Sunday, August 17, 2014

Case o' The Week: Do The Right Thing - Mageno, Waiver, and Prosecutorial Misstatements During Closing Argument

 In Maloney, the government acknowledged error – but only during an en banc argument, and only when pinned down after a truly excruciating exchange with the Court.
   Far better, it appears, for the government to Do The Right Thing and flag error when it sees it. United States v. Mageno, 2014 WL 3893792 (9th Cir. Aug. 11, 2014), decision available here.

Players: Decision by Judge Berzon, joined by Judge Fisher. Dissent by Judge Wallace.

Hon. Marsha Berzon
Facts: Nancy Mageno’s godson dealt drugs, and Mageno translated for him. Id. at *1. A DEA agent heard her on a half-dozen calls, of suspicious nature – but not expressly mentioning meth. Id. at *1-*2. She testified at trial that she did not know her godson dealt drugs, and her godson testified on her behalf. Id. at *3. Over defense objection, the government was limited to one specific question of the godson regarding his prior deportation: he was asked if he was deported for trafficking meth. Id. at *4. From that sole question, the government argued (repeatedly) at closing that Nancy Mageno knew her godson had been previously deported for meth. Id. at *3-*4. No facts in evidence supported that argument. The defense did not object at trial or on appeal after Mageno was convicted. Id. at *4. The first flag was when the government raised this error in its appellate briefing. Id.

Issue(s): “[T]he government raises, as separate error, the prosecutors’ repeated misstatements during closing argument that [the godson] had testified to [the godson’s] deportation for dealing drugs. Mageno did not object to the government’s misstatement of [her godson’s] testimony at trial, did not raise this argument in her opening brief, and did not adopt it as a ground for reversal until oral argument. Should we consider the government’s error under these circumstances?” Id. at *4.

Held: “We conclude that we should.” Id.

Of Note: The ultimate holding – that the prosecutor’s arguments rose to plain error – is great. What is particularly interesting, however, is Judge Berzon’s thoughtful discussion of waiver. Over Judge Wallace’s dissent, Judge Berzon carefully works through the practical impact, and the historical background, of Rule 52. Id. at *5-*7. Waiver is an important appellate principle, and Mageno’s analysis is worth a careful defense read (particularly the Court’s emphasis on the nature of this criminal case, and the fact that a government representative erred). Id. at *7.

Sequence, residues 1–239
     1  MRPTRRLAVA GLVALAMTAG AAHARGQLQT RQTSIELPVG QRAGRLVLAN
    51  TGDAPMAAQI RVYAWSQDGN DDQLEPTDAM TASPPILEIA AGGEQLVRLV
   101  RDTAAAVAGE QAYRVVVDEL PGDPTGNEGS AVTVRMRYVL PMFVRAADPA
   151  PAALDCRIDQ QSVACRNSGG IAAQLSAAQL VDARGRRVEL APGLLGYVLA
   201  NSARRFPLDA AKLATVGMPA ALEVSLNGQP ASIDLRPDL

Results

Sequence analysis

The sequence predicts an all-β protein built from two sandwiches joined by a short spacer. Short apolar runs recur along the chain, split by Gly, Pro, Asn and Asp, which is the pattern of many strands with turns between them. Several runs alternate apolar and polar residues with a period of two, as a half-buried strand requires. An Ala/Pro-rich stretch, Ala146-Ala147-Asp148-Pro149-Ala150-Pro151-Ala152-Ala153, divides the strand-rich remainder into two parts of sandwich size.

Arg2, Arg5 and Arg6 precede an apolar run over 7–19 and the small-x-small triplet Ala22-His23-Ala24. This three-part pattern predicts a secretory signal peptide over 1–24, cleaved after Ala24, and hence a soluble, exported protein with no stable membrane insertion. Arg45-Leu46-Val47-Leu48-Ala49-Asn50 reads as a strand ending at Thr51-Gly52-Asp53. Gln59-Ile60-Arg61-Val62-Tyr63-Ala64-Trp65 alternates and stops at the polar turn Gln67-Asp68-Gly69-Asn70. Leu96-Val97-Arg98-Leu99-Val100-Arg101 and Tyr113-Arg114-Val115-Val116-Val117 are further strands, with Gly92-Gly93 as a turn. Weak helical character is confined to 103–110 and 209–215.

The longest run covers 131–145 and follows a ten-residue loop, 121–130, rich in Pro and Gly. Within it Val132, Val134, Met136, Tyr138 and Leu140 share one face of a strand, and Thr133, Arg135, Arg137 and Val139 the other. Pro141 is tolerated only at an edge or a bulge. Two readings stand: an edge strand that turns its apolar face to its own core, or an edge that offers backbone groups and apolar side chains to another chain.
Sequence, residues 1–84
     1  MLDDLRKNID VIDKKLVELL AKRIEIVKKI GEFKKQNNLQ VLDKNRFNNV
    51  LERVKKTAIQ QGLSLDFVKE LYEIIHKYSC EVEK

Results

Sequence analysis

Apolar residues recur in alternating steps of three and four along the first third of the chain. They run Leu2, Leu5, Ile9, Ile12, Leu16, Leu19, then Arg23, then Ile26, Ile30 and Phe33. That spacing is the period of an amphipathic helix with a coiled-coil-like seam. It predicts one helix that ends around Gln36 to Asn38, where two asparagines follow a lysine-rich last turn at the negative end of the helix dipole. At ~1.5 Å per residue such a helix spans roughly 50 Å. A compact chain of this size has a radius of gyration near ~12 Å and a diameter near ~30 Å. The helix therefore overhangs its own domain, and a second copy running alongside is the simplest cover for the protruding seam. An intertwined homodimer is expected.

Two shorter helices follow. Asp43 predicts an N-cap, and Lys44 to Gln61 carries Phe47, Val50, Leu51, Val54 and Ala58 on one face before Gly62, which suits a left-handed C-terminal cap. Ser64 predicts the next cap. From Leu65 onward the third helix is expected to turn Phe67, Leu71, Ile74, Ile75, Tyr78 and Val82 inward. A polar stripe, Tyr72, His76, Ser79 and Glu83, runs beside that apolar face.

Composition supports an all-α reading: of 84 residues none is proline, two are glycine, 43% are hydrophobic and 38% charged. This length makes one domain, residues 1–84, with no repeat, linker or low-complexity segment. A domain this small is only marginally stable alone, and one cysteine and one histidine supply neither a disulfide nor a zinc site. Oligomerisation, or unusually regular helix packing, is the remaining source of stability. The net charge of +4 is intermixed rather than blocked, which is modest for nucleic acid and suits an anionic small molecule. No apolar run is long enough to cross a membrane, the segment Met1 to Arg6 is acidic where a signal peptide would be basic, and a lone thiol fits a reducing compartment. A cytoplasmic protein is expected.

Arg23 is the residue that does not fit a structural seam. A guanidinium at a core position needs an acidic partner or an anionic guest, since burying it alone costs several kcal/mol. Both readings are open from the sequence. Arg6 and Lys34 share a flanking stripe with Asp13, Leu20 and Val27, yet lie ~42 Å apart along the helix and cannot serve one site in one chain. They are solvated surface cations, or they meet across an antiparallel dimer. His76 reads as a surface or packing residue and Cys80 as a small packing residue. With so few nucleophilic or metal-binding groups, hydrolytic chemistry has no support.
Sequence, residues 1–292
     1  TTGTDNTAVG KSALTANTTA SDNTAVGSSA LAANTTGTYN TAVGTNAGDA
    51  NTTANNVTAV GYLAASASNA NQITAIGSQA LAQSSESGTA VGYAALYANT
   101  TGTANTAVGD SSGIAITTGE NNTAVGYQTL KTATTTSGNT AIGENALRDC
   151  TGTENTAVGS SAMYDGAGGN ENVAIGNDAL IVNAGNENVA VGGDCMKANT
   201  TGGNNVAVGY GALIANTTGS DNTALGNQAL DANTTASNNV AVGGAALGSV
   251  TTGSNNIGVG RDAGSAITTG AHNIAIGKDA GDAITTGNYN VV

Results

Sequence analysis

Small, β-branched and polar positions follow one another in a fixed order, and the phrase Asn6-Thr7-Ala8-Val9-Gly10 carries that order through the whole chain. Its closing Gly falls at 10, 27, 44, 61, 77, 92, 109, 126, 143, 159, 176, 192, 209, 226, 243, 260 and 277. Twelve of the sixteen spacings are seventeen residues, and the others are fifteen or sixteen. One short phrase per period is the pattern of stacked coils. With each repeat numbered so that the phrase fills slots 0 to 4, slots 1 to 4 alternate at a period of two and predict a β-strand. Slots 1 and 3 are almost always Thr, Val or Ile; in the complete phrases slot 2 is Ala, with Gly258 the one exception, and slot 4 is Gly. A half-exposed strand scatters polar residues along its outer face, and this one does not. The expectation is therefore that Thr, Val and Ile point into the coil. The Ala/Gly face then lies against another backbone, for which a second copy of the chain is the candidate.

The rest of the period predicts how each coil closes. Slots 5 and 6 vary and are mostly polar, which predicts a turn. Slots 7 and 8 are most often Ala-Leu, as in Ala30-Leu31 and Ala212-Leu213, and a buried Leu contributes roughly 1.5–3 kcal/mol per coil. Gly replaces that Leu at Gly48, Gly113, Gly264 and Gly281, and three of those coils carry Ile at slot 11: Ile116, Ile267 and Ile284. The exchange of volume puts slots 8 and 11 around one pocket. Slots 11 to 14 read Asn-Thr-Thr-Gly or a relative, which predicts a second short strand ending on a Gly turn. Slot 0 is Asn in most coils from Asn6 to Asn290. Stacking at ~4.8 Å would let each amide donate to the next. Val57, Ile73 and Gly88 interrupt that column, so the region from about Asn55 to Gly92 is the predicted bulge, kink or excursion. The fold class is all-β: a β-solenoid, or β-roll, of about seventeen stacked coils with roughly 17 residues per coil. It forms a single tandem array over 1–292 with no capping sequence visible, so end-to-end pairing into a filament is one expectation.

How to Use: To get to reversal, Judge Berzon must navigate the treacherous shoals of Olano plain error. She does so admirably, and the result is a very useful discussion regarding a prosecutor’s misstatements at closing argument. Id. at *7-*12. Of particular interest is the rejection of the general cautionary jury instructions as a “cure-all.” Id. at *9. Those instructions were never expressly tied to the misstatements, so did not vitiate the error. Id. Judge Berzon also rejects the government’s attempt to salvage the conviction by arguing the prosecutor did not intentionally misstate the evidence. Id. at *11. The prosecutor’s statements may not have been intentional misconduct, but they were “exceedingly reckless.” That, Judge Berzon explains, is enough. Id. at *12. Judge Berzon rightly ends the decision by commending the government for “bringing the missteps in this case to our attention,” but because “the government also created the problem” concludes the Court must “reverse Mageno’s conviction so that she may have an untainted shot at maintaining her innocence without the prosecution’s damaging misstatements.” Id. at *12.
For Further Reading: Seven years ago, the formidable Judge Betty Fletcher wrote a beautiful dissent attacking the use of acquitted conduct as relevant conduct at sentencing – using the Sixth Amendment as the foundation of her argument. See blog on Mercado here. 
  Is the Sentencing Commission finally coming around to Judge Fletcher’s view? In its official list of priorities, the Commission promises a multi-year effort to “simplify the operation of the guidelines,” including the examination of the “use of acquitted conduct in applying the guidelines.” See Notice here.  
   A spark of interest, worth fanning into a flame over the upcoming year. 

Image of "Do the Right Thing" from

Steven Kalar, Federal Public Defender N.D. Cal. Website at


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